Mark Vitner, a senior economist at Wells Fargo in Charlotte, said that “North Carolina should discourage development along flood plains and invest in levies and other flood mitigation systems.”
Walter Dalton, the state’s Lt. Governor from 2009 to 2013, and now president of Isothermal Community College in Spindale, believes we need “elevated structures, permeable surfaces, protection of marsh land.”
Former Democratic Gov. Mike Easley is among those who endorses a “relocation effort,” especially for people living in “impoverished areas.”
Duke University law professor James Coleman, said North Carolina should learn from the experience of other societies on what it takes to become flood-proof.
“It makes no sense to continue to build on land that predictably will be flooded on a regular basis, requiring us to incur substantial public expenses to rebuild” said Coleman, who is also director of the Center for Criminal Justice and Professional Responsibility, and co-director of the Wrongful Convictions Clinic at Duke.
“We also should learn from what other countries are doing,” Coleman said. “The Dutch rarely have flooding because they have incorporated flood control in their development projects. Every coastal community should be incorporating such features in their plans.”
The survey respondents also expressed concern about the environmental risks posed by coal ash ponds and hog waste lagoons, some of which were flooded and breached during the flooding. Several hundred hog lagoons prone to flooding have been shut down in past years, but the realization after Hurricane Florence that North Carolina’s flood risks have been underestimated is raising questions about the long-term risk that hog lagoons pose.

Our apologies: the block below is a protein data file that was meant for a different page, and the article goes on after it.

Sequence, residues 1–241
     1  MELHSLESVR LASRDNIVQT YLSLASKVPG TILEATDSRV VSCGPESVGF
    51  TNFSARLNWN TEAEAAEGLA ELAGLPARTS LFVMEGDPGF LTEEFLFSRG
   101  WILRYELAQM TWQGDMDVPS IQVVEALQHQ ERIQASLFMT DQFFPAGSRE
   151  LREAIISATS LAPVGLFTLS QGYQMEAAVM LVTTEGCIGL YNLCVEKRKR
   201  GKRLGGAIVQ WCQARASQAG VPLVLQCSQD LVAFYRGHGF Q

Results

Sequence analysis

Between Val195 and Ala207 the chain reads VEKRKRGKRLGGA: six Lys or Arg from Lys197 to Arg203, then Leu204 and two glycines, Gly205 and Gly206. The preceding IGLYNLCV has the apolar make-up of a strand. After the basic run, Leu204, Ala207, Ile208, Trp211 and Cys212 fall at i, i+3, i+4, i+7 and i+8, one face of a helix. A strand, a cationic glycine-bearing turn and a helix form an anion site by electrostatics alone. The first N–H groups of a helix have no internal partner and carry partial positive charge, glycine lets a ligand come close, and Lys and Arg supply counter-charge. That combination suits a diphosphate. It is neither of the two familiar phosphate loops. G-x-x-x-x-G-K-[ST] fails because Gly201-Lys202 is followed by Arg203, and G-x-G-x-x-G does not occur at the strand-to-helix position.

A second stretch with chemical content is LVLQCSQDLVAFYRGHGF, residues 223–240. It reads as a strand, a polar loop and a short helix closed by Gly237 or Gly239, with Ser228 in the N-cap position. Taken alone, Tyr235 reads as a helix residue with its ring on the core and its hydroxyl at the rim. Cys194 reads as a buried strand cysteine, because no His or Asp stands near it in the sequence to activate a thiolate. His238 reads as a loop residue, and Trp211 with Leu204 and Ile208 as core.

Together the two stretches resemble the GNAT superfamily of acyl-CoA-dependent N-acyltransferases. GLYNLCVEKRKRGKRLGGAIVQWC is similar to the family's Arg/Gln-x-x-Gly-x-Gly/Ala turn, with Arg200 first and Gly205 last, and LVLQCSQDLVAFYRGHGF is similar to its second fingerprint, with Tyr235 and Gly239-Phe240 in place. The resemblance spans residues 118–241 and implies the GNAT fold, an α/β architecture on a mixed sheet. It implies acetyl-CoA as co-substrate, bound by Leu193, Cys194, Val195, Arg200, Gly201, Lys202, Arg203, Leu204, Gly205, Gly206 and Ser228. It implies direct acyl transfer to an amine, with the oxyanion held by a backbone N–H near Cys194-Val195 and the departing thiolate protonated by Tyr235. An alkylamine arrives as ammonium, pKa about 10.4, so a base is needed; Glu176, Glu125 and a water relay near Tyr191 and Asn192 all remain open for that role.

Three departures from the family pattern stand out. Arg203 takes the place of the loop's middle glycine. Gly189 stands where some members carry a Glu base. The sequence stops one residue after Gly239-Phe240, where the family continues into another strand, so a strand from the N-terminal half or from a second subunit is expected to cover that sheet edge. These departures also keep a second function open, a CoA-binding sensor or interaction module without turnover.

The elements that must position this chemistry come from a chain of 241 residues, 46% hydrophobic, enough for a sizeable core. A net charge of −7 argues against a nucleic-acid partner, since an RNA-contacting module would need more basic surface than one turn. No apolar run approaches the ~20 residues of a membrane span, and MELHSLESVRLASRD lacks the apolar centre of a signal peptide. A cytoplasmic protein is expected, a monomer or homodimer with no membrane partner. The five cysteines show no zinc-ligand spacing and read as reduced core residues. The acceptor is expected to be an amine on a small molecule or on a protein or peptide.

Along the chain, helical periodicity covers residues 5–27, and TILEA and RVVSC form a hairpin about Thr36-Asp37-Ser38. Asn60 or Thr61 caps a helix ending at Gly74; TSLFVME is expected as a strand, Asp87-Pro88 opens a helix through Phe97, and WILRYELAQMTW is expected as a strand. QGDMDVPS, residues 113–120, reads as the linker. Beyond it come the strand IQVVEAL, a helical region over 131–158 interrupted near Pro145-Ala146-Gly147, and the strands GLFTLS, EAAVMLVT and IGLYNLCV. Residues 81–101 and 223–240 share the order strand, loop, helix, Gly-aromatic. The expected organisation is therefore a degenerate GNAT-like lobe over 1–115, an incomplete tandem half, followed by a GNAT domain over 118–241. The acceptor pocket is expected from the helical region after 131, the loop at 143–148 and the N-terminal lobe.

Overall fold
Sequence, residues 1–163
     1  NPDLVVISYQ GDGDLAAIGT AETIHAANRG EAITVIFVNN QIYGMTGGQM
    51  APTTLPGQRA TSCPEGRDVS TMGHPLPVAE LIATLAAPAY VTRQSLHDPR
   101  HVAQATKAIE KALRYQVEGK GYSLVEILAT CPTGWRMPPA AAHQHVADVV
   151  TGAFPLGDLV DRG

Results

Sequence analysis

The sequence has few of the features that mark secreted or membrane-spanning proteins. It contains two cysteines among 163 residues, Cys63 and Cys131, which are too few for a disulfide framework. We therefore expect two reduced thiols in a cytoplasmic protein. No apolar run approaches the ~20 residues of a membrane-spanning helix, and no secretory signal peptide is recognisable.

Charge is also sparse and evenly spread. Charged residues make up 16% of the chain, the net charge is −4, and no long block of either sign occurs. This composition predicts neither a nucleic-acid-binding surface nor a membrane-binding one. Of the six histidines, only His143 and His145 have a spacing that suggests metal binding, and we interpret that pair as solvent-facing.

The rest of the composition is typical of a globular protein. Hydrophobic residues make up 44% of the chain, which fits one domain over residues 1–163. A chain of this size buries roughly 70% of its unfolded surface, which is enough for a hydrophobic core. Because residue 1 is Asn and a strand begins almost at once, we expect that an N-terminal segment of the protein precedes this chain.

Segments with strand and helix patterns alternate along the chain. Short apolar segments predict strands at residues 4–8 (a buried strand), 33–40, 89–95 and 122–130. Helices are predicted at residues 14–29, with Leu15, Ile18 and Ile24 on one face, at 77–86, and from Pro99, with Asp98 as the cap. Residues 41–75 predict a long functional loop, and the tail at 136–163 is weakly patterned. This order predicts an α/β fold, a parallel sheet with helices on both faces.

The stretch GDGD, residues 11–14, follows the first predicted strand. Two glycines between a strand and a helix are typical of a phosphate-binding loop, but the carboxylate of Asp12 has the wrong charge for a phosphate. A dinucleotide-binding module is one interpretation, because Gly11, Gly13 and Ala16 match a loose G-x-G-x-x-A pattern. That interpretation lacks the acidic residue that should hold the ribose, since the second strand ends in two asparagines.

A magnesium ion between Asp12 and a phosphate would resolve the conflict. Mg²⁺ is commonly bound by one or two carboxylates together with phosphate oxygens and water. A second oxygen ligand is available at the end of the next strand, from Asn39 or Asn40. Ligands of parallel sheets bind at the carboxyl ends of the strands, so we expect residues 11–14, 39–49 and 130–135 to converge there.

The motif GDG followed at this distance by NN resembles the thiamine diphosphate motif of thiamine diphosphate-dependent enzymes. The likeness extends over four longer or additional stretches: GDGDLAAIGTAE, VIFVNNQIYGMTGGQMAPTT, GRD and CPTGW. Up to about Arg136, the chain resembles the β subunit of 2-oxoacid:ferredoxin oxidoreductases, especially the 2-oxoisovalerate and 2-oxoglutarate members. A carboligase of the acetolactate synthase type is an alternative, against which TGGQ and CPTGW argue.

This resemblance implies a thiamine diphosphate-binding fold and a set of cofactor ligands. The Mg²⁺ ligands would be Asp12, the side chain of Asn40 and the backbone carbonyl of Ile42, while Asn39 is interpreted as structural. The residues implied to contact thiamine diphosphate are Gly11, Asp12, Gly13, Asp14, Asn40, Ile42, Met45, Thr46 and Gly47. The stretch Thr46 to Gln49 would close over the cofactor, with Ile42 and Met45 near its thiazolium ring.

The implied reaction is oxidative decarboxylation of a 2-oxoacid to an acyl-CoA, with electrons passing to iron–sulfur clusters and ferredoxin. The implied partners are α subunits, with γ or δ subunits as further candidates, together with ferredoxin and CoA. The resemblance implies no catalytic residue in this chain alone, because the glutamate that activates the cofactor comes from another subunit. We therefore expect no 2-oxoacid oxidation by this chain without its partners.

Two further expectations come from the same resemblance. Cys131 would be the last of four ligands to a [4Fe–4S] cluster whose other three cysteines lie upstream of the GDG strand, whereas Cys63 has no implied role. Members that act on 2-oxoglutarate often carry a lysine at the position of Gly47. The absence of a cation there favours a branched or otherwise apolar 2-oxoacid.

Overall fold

The N.C. Department of Environmental Quality has not said to what extent the hog lagoons polluted state waters, but said six sustained structural damage, 32 overflowed and 48 were within 3 inches of overflowing. North Carolina has 3,300 lagoons, in which swine urine and feces are broken down by microbes, producing a treated material that is used as spray fertilizer.
Wooten of the Farm Bureau noted that farmers worked around the clock ahead of the hurricane to pump and prepare their lagoons. “Our farmers should be commended instead of questioned for the excellent job they performed in preventing loss of animals and environmental damage,” he said.
As for coal ash, Duke Energy is in the midst of a 15-year, $5-billion project in which it’s excavating 22 basins and moving the ash to lined landfills. It’s also securing nine other basins by capping them off. The vast majority of the respondents praised Duke Energy’s efforts to relocate or stabilize the ash it has accumulated over decades of burning coal to generate electricity.
Lynn Good, the CEO of Charlotte-based Duke Energy, said the company has already moved 18 million tons of ash to lined landfills and is recycling 70 percent of the ash, which contains heavy metals such as arsenic and selenium, for use in construction materials.
The N.C. Department of Environmental Quality said last week that two of Duke’s coal ash storage ponds flooded during Hurricane Florence, but that the flooding in the Neuse River in Goldsboro and the Cape Fear River in Wilmington did not contaminate public waters.
Good is not the only Influencer who has links to Duke Energy. Former Republican Governor Pat McCrory, who worked at Duke nearly two decades, offered a reminder of why Duke is under a state legislative mandate to address its coal ash problem.
“Duke needs to improve fixing leaks with a sense of urgency at numerous sites,” McCrory wrote.
About the series
This is the latest in a series of surveys The News & Observer, The Charlotte Observer and The Herald-Sun is conducting with the Influencers through the November elections to help focus media and candidate discussion around the policy issues of most importance to North Carolinians. This report focused on the environment. Next week, look for the report on the state’s transportation and infrastructure needs.